Negotiations between Britain and the European Union (EU) have been ongoing since Article 50, the section of the Lisbon Treaty that allows a country to leave the EU, was triggered on 29 March 2017.
From that date, they had two years to figure out how things would work once the UK had officially left on 29 March 2019.
This began a series of negotiations between the UK Government and officials in the EU to re-define the relationship between the two parties after the UK has officially left the European Union.
What’s happening now?
On Wednesday 14 November 2018, the British Cabinet (made up of the Ministers of the Government) approved a draft version of the agreement between the UK and the EU on how things will work once they have left. However, several Ministers have objected to this decision and a number have resigned, including the Minister responsible for Brexit, Dominic Raab.
The cabinet is the first in a line of key players who need to agree on the draft before an official deal is struck. The deal still needs to be approved by the UK Parliament, EU member states, the European Parliament, and the European Council before the deadline of 29 March 2019.
What happens if the deal is approved?
If all of the relevant parties approve, the UK will leave the European Union on 29 March 2019 with the deal in place, and a transition period will begin, expected to last until December 2021.
There will still be more agreements to be made, including a trade deal between the UK and the EU, in the time before they leave.
What happens if the deal is not approved?
If one or more of the key players does not approve of the deal, then they will have to go back to the drawing board. This could mean leaving without a deal, resulting in a ‘no-deal Brexit’ with no agreement on what to do about trade, or about EU citizens living in Britain and vice-versa. Otherwise, it could lead to a re-negotiation of a new deal, another referendum on whether or not the UK should leave, or the calling of a General Election in the UK.
What does the deal say about the Northern Irish border?
The border between the Republic of Ireland and Northern Ireland has been a prominent issue in Brexit negotiations. Many people wanted to avoid a ‘hard border’ with checkpoints and guards, because of concerns that it could put the peace process at risk. It would also make trade between the North and South a lot more difficult than it is now, because the UK would be leaving the single market that exists between EU Member States, allowing for the movement of goods and services throughout the EU with few restrictions.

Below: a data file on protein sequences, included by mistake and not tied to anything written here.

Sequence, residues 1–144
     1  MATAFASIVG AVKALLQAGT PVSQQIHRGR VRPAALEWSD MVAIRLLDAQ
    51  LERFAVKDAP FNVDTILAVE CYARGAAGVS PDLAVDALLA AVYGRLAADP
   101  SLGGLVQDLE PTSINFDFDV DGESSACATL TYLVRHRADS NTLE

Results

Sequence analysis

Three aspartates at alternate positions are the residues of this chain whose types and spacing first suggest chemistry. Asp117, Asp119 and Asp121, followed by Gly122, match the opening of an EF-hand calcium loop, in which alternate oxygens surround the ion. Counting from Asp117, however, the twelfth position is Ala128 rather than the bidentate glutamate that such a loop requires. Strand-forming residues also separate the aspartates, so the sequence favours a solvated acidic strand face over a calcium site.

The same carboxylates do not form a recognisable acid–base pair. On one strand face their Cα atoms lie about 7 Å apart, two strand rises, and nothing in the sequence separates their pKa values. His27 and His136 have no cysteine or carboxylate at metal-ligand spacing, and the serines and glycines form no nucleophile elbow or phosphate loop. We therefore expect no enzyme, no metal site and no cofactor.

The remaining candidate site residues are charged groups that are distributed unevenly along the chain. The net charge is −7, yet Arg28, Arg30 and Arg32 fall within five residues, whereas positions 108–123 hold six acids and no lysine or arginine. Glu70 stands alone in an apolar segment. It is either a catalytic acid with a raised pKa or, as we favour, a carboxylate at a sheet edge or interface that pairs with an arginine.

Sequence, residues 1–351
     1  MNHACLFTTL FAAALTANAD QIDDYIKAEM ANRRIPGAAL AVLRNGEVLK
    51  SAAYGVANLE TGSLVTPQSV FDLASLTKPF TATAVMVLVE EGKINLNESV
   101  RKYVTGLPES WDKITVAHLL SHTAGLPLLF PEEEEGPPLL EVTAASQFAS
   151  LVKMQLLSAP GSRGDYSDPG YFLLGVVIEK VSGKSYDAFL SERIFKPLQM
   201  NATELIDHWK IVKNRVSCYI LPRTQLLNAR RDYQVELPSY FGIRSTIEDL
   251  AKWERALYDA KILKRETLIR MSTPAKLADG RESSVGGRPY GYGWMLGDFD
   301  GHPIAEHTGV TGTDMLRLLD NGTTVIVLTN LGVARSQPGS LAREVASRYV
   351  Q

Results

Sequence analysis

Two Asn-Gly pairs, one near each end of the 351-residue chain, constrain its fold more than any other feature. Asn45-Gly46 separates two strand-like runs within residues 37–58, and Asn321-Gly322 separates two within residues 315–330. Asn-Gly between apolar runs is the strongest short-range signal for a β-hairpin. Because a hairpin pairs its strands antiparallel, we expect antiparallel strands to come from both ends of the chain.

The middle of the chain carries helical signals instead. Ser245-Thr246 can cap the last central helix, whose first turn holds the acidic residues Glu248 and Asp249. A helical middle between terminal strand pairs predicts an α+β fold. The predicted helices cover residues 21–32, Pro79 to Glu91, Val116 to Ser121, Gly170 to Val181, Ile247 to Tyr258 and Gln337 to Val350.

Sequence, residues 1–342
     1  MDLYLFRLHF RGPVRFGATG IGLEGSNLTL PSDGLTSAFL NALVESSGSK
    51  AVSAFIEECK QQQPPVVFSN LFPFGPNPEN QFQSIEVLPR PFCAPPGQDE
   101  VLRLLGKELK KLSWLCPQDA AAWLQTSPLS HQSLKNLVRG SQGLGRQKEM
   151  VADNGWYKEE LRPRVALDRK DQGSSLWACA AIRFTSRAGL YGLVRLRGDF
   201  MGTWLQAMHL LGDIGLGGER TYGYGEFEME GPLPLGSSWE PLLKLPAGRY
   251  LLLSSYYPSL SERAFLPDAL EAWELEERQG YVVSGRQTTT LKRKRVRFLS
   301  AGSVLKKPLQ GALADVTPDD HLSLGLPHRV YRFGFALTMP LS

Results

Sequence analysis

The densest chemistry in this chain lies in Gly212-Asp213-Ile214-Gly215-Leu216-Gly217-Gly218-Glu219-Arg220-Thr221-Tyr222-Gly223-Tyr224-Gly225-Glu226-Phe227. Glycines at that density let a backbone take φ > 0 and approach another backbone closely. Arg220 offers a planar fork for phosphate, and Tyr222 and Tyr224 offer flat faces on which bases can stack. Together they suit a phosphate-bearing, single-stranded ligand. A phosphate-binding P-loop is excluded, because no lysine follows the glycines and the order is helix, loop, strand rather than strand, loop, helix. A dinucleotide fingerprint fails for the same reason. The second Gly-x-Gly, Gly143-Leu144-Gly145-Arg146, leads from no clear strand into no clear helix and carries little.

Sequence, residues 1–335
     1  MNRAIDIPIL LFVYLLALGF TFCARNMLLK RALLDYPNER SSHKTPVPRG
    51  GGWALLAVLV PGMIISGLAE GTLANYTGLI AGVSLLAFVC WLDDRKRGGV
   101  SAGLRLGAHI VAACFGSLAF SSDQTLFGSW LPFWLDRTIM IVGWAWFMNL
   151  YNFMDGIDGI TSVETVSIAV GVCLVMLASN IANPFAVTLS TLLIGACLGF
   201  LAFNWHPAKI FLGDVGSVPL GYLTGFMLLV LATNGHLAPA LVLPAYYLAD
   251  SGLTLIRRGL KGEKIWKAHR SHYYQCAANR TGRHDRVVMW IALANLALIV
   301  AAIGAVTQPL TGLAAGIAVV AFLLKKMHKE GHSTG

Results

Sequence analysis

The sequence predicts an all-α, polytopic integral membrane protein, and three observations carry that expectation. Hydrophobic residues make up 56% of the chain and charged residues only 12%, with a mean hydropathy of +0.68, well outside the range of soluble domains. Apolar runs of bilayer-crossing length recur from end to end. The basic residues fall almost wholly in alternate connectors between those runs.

The deal introduces a ‘backstop’ to allow an open border on the island of Ireland. This would mean there would be no checks at the border, and Northern Ireland would continue to follow some EU rules to avoid checks on certain goods like agricultural products.
However, this ‘backstop’ has only been put in as a temporary measure until a better solution has been found when the UK-EU trade deal has been negotiated. If another solution is not found, then the backstop will apply. Both sides hope to find another solution to avoid using the backstop
Problems with the backstop
The backstop could lead to a customs border being drawn in the Irish Sea, which means goods coming from elsewhere in the UK will have to go through customs checks to make sure they meet EU standards.
Many Brexiters, including the Democratic Unionist Party (DUP), do not like the idea of Northern Ireland having a separate status to the rest of the UK. They argue that this could be damaging to the union.
What happens next?
The next step is to have the deal approved by the UK Parliament in order to continue forward with the plans. It is not yet clear whether the deal will be approved by the Parliament, with most of the Opposition parties and a number of Conservative rebels saying they will vote it down.